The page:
posted 6 Dec 2005 in Volume 9 Issue 4
The KM sideshow moves closer to Drucker’s view of KM at modern management’s core.
When Peter Drucker died last month at the age of 95, he was universally acclaimed as one of the most influential leaders in the transformation of modern management in the last 50 years. His pioneering ideas of the corporation as a social institution and early forecast of the coming of ‘knowledge workers’ were the most frequently mentioned in his eulogies.
Central to Drucker’s philosophy was the belief that people are an organisation’s most valuable resource and that a manager’s job is to create a positive environment where people can work effectively. He believed in the empowerment of workers and the futility of command and control.
His focus was on the power of knowledge and people. That is to say, on knowledge work, not knowledge management (KM) – a subtle, but important distinction. However, the new identity of the ‘knowledge worker’ was nevertheless the springboard for KM, the sideshow.
While KM may have skewed Drucker’s original purpose in defining the knowledge worker, the case reports written by this author during 2005 show that KM is no longer a sideshow. It is playing a central role in corporate change management, providing knowledge-driven infrastructures to help build the new style of management Drucker originally envisaged.
Our reports in Inside Knowledge for 2005 began with some troubling bumps in the road, but were soon offset by a string of positive results. In Running on Empty (February 2005), we discovered the vulnerabilities of some of the best KM programmes in the world, led by the most highly recognised leaders. Through them, we learnt that programme sustainability is as critical to a KM strategy as the programmes themselves. The World Bank’s original trend-setting programme (led by Steve Denning) was suspended; Xerox’s programme (Dan Holtshouse) had lost focus; BP’s book-generating programme (Geoff Parcell and Chris Collison) was close to death; and Clarica’s pioneering programme (Hubert Saint-Onge) had been unceremoniously buried.
As the year progressed, there were more reports of programmes that had sustainability built in. A Sustained Commitment to Collaboration (March 2005) presented the Halliburton case where communities of practice ensure long-term sustainability by building tangible, bottom-line value. Michael Behounek gave us Halliburton’s KM Sustainability Hypothesis, including enjoinders that a sustainable programme would have to focus on vital business needs connected directly to projects. Sustainability would come from focusing on solutions that assist in problem solving:
- At the business-unit level to drive productivity, quality and innovation;
- At the job-role level to help people in their daily work.
Other programmes were following that same instinct. We learned that the US Department of Navy (The Art of War, May 2005 – Alex Bennet) designed a phenomenal KM programme encompassing more than two million people, which became an intrinsic part of the way the organisation operates and helps men and women in the navy and the marines fight wars. Low Tech High Touch (June 2005 – Garry Cullen), described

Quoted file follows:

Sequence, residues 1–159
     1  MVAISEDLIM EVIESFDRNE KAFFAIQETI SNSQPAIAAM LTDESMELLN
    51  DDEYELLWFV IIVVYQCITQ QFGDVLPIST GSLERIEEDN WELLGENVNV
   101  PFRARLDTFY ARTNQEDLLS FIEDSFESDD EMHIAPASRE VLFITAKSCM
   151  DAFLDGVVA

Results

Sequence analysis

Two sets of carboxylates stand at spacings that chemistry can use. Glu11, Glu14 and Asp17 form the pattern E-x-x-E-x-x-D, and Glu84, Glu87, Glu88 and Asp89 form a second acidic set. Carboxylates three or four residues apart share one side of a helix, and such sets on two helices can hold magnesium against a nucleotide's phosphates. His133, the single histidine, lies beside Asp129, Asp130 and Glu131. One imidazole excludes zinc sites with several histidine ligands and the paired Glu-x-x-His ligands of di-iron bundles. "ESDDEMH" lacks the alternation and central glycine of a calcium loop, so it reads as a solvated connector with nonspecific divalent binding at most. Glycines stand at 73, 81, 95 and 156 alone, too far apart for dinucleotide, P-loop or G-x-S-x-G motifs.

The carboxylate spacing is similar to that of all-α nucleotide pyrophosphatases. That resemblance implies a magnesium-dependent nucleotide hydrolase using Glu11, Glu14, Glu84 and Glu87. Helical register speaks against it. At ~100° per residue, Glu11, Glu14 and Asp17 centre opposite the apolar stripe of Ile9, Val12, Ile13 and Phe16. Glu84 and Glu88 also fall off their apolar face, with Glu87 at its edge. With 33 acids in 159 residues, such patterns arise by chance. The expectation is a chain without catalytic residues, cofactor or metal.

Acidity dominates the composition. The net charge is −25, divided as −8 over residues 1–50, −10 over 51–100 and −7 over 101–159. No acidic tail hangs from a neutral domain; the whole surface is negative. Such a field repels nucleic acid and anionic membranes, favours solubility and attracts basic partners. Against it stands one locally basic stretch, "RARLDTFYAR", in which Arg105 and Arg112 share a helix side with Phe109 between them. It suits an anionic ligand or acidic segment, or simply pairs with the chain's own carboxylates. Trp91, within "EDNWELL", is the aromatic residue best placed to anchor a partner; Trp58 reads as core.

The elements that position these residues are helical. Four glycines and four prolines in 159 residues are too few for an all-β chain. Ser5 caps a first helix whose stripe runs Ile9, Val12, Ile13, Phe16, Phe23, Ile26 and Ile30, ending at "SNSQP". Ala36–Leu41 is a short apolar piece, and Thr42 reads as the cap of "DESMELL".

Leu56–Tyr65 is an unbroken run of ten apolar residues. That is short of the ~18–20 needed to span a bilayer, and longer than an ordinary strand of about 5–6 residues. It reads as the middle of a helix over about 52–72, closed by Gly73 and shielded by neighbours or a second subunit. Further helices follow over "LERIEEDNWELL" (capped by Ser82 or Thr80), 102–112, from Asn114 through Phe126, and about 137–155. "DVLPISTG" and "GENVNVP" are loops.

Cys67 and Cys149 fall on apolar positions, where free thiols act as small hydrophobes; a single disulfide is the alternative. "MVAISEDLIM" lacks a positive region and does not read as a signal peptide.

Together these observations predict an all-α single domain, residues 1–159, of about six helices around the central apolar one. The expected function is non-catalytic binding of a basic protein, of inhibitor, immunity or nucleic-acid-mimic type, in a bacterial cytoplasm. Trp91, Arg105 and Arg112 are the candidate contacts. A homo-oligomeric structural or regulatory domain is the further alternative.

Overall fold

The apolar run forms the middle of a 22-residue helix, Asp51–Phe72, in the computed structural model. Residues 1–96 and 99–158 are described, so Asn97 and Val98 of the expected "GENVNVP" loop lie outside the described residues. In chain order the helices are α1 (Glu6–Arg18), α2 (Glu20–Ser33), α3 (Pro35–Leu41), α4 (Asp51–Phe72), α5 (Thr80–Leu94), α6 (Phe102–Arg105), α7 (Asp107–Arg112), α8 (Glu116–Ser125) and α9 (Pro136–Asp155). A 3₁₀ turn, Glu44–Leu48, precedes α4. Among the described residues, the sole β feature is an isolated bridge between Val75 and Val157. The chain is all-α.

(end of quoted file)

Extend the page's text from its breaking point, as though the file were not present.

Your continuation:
A Painful Birth (September 2005 – Scott Shaffar) told of huge knowledge losses at defence contractor Northrop Grumman due to unplanned downsizing resulting from the predictable loss of major markets and how the poor preparation for downsizing caused the birth of a KM initiative to better manage the company’s knowledge assets. Kent Greenes, the first architect of the BP programme and now at SAIC, Knowledge in Action (October 2005), told of SAIC’s decision to use KM lessons learnt from its clients to finally develop its own KM programme to harness the power of knowledge sharing to take the company from good to high performing.
In October’s Security and Silos, Erick Thompson shared his decision to stop fighting corporate structure and hierarchy and work within the system to develop a knowledge-exchange programme that would help the company maintain boundaries while using knowledge sharing to improve performance.
In the current issue, a KM project at HP Services Consulting & Integration (page 14) tells of an initiative to achieve and sustain profitability, improve the win rate and project delivery to satisfied customers who want more. Instead of preaching culture change, Stan Garfield not only integrated KM into the client-engagement process – but also installed KM as the platform for the process itself.
Kong Koy Aw, a mechanical engineer who became a knowledge-management guru in
In truth, Peter Drucker was talking about knowledge management from the beginning, but not KM, the sideshow. He was talking about changes in the fundamental business process.
Until now, much of the development of KM has been regarded as a separate movement – maybe even a counter-culture. Our 2005 reports show that the most successful and sustainable KM programmes are those where it is clear to see the connection between Drucker’s knowledge workers and his broad view of knowledge as the object of the core business process.